‘I Didn’t Sign Up for Violence When I Became a Nurse’

 In Nurses Weekly

My son was 14 years old when he asked me if anyone had tried to kill me at work. He is grown now, so it is hard to remember whether, on that specific day, someone had pulled a weapon, punched me, or used some other means to try to end my life. But I wouldn’t bet against it.

I was a bedside registered nurse for 34 years. I was punched, bit, kicked, spit on, nearly knifed, and once threatened with a handmade weapon resembling a straight-edge razor. Once, in 2005, a furious 6-foot 4-inch, 275-pound patient struck another patient, bit a health aide, and twice tried to grab me while threatening my life. The patient was restrained, but the fear was traumatizing.

I tried not to talk about these things with my family. I did not want to bring the fear, anxiety, and trauma my co-workers and I were experiencing into my home. Despite my caution, my son had overheard a conversation with my husband. His question struck me to my core. No child should ever have to question their parents’ safety at their workplace, right? I’m a nurse; I didn’t sign up for this.

I began to speak out. Working with my union, the Massachusetts Nurses Association (MNA), I joined with other nurses and advocates to call for new laws to prevent violence. We banged on doors at the State House, and shared our stories in newspapers, on television, and on the radio. Many times, I have sat in front of a panel of lawmakers and detailed gruesome tales of healthcare violence. A co-worker was thrown down and her head was repeatedly slammed against the floor. She is one of three staff I used to work with who suffered traumatic brain injuries. We bore witness to workers who came into work healthy and left with a broken collarbone, a whiplash injury from being whipped by the hair, a near-death strangulation, or a kick to the chest causing back spasms and broken ribs. A colleague permanently lost peripheral vision in one eye while another’s jaw was broken.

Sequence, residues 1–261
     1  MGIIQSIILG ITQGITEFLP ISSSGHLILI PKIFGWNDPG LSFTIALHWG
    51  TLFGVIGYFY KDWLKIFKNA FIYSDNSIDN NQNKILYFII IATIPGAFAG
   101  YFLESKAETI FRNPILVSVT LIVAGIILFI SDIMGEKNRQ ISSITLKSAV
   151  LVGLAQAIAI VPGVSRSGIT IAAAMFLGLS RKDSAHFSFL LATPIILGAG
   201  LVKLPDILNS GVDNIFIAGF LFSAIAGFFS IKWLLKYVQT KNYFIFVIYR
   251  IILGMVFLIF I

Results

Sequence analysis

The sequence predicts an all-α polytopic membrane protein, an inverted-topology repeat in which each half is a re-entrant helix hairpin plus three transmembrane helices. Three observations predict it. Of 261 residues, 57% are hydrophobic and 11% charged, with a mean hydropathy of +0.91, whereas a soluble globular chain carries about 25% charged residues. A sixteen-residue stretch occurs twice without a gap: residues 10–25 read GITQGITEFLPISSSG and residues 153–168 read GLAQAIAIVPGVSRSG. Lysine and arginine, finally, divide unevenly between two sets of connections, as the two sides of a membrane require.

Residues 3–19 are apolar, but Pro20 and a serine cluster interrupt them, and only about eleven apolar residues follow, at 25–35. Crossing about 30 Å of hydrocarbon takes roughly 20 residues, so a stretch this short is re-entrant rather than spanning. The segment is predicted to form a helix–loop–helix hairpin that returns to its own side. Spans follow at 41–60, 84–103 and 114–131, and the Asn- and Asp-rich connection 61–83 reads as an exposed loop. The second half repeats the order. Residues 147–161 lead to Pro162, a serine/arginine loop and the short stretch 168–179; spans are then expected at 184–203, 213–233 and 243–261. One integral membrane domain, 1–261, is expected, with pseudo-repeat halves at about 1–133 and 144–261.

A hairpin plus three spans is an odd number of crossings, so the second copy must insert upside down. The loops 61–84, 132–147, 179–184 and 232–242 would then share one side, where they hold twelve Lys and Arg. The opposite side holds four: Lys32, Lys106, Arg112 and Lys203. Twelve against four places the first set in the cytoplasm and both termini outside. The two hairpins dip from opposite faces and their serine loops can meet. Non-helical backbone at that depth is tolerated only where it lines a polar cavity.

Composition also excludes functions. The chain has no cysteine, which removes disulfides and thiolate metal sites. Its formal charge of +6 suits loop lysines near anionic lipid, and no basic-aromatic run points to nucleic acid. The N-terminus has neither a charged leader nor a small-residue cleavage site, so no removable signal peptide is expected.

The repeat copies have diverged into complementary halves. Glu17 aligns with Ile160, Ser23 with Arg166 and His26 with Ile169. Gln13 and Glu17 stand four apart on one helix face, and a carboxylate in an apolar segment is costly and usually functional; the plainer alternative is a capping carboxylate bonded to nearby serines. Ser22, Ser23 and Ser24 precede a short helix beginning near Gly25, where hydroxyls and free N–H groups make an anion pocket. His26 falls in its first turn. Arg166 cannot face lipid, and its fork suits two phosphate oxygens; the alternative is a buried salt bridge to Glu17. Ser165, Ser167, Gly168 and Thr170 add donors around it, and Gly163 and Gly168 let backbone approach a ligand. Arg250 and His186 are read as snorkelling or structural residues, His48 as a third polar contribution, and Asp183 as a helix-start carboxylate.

These are just examples from my facility. But the violence is everywhere. The Massachusetts Health & Hospital Association reportsopens in a new tab or window that every 38 minutes in a Massachusetts healthcare facility, someone — most likely a clinician or employee — is either physically assaulted, endures verbal abuse, or is threatened. This is a marked increase since 2020 when it was every 57 minutes — not that this statistic is so great, either. In June, a nurse at Heywood Hospital in Gardner was attackedopens in a new tab or window by a patient on hospice care. The patient barely missed her carotid artery with a pocketknife. In July 2021, a Lowell General Hospital nurse was sitting at the nurses’ station when a patient came up from behind and smashed her head twiceopens in a new tab or window with a fire extinguisher. She suffered a brain bleed. I’m sure both continue to deal with the psychological trauma of those assaults.